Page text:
As the official start to summer approaches, the heat and humidity are moving into North Carolina. But unfortunately another surge in COVID-19 cases is spreading around the state too.

Two dozen counties in North Carolina are now in the “red zone” for community coronavirus transmission, according to the latest map from the Centers for Disease Control and Prevention.

There’s good news and bad news in these latest COVID numbers, said Dr. David Wohl, an infectious disease specialist with UNC Health.

“We’ve seen this slow but steady uptick in the number of cases. And of course, that’s just the tip of the iceberg. A lot of people are getting diagnosed at home with a home test,” Wohl said. But either way, case numbers are going up.

“The good news is, hospitalization rates and deaths still remain relatively low, especially when you put that in context of all these cases and how much COVID is being spread right now,” he said.


Where is COVID spreading?

“The virus is everywhere, it’s spreading pretty remarkably. Most of us do know somebody, we’re one degree of separation from someone, who's been diagnosed with COVID in the past few weeks,” Wohl said. “We know there’s a lot of transmission going on right now.”

The CDC map shows 24 counties listed as having a high rate of community spread. More than half of the state is now listed in the yellow or red zones on the map.

The CDC uses a combination of metrics to rank the risk for counties, including case numbers, the number of people being admitted to the hospital with the virus and the number of people in hospital beds with COVID-19.

Two months ago, most of North Carolina was in the CDC’s green zone, but that began to change in recent weeks as the virus again started to spread.

“This is largely reflecting more cases,” Wohl said. “That’s the number one thing that’s tripping us over from green to yellow to red.”


Is the virus still as bad?

People are still ending up in the hospital, and people are still dying from COVID-19, but not as much as during earlier surges.

“We know there’s a lot of transmission going on right now,” Wohl said. “We’re not seeing people getting really, really, really sick to the extent you’d expect given the case numbers.”

People are much more protected from the virus now, either from getting vaccinated, from getting infected or a combination of the two.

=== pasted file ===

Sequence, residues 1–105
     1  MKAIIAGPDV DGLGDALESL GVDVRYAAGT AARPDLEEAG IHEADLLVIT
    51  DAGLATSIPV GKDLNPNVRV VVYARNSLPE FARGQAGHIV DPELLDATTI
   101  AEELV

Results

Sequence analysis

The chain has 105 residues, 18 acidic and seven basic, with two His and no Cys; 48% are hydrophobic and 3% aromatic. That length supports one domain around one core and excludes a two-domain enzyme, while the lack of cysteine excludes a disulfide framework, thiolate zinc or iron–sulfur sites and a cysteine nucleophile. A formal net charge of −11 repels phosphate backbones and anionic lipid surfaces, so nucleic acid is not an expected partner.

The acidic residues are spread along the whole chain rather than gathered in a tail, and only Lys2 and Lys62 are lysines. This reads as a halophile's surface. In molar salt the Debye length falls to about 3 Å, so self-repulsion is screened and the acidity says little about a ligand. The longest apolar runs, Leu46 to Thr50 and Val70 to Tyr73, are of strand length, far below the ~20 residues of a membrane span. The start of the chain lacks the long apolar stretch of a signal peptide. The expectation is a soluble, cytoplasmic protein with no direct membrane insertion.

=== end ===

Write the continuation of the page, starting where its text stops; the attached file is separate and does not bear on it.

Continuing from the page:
The omicron wave that made so many people sick over the winter is probably helping people avoid infection or not get the worst symptoms in this latest wave, Wohl said.

The latest data from the North Carolina Department of Health and Human Services shows hospitalizations continuing to tick up. As of last week, 833 people were in the hospital with COVID-19, up from 735 the week before.

Since the pandemic began, 25,094 in North Carolina have died from the virus, according to DHHS data.


Does the vaccine still work?

COVID-19 variants continue to evolve. But the vaccines continue to help protect people from the virus, Wohl said.

“The vaccines, they still protect us from infection, just not as well as the original,” he said. “They do protect us from getting really sick.”

“When you think about that the Moderna, the Pfizer and the J&J vaccine were all developed to protect us from an ancestral original strain of COVID-19 that is now extinct, like the dinosaurs, it’s gone,” Wohl said.

The original virus from 2020 isn’t around anymore, but the vaccines still help with all the iterations that have come since.

“They still have staying power all the way through omicron,” Wohl said.


What about getting kids vaccinated and boosted?

Kids over 6 years old are eligible for boosters and vaccines for younger children are expected to get approval this week.

Many parents of young children have been waiting for vaccines to be approved for kids 5 and younger, but Wohl said federal regulators waited to get the research that shows they’re safe and effective.

He said the Moderna two-shot series will probably be more popular for small children than Pfizer’s three-shot vaccine.

“Kids are a reservoir who infect adults,” Wohl said. “So many of us have been infected by our kids of all ages.”

He said anyone who is eligible for a booster should go ahead and get the shot.

“I’d get boosted now, I’m protected through the summer,” Wohl said. “Right now we have a surge, right now is the time to be protected.”


What about my summer vacation?

The North Carolina CDC map shows high community spread along much of the coast, where many in the state flock during the summers.

“I really am not in the mood to catch COVID-19,” Wohl said. “I’m not embracing the virus yet like a lot of people are.”

He said he still wears a mask when indoors around other people.

Wohl said he does plan to fly for an outdoor wedding this summer, but his family will be double-masking in the airport and on the plane.

As Wohl and other public health officials have said over the past year of the pandemic, it will be up to each person and each family to gauge their own risk level. And the risk level can change based on whether people are driving or flying, going camping, renting a beach house or staying at a busy hotel.